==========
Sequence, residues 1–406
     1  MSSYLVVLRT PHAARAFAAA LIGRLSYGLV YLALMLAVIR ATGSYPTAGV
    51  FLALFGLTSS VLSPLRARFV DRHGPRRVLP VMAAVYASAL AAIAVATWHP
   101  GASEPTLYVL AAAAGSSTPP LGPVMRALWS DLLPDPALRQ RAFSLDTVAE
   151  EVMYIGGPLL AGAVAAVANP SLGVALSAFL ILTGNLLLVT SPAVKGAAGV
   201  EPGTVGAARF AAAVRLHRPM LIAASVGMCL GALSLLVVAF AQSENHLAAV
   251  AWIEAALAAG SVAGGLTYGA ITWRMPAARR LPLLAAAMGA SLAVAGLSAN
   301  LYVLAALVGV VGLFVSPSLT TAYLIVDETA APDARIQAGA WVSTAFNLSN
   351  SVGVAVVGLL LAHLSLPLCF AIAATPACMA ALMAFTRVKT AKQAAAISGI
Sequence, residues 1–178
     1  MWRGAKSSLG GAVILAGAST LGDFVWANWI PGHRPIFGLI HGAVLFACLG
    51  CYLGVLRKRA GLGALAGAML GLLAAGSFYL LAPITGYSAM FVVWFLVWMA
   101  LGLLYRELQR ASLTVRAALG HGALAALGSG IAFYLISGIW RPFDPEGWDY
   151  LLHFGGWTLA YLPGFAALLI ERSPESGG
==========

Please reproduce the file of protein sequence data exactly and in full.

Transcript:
Sequence, residues 1–406
     1  MSSYLVVLRT PHAARAFAAA LIGRLSYGLV YLALMLAVIR ATGSYPTAGV
    51  FLALFGLTSS VLSPLRARFV DRHGPRRVLP VMAAVYASAL AAIAVATWHP
   101  GASEPTLYVL AAAAGSSTPP LGPVMRALWS DLLPDPALRQ RAFSLDTVAE
   151  EVMYIGGPLL AGAVAAVANP SLGVALSAFL ILTGNLLLVT SPAVKGAAGV
   201  EPGTVGAARF AAAVRLHRPM LIAASVGMCL GALSLLVVAF AQSENHLAAV
   251  AWIEAALAAG SVAGGLTYGA ITWRMPAARR LPLLAAAMGA SLAVAGLSAN
   301  LYVLAALVGV VGLFVSPSLT TAYLIVDETA APDARIQAGA WVSTAFNLSN
   351  SVGVAVVGLL LAHLSLPLCF AIAATPACMA ALMAFTRVKT AKQAAAISGI
Sequence, residues 1–178
     1  MWRGAKSSLG GAVILAGAST LGDFVWANWI PGHRPIFGLI HGAVLFACLG
    51  CYLGVLRKRA GLGALAGAML GLLAAGSFYL LAPITGYSAM FVVWFLVWMA
   101  LGLLYRELQR ASLTVRAALG HGALAALGSG IAFYLISGIW RPFDPEGWDY
   151  LLHFGGWTLA YLPGFAALLI ERSPESGG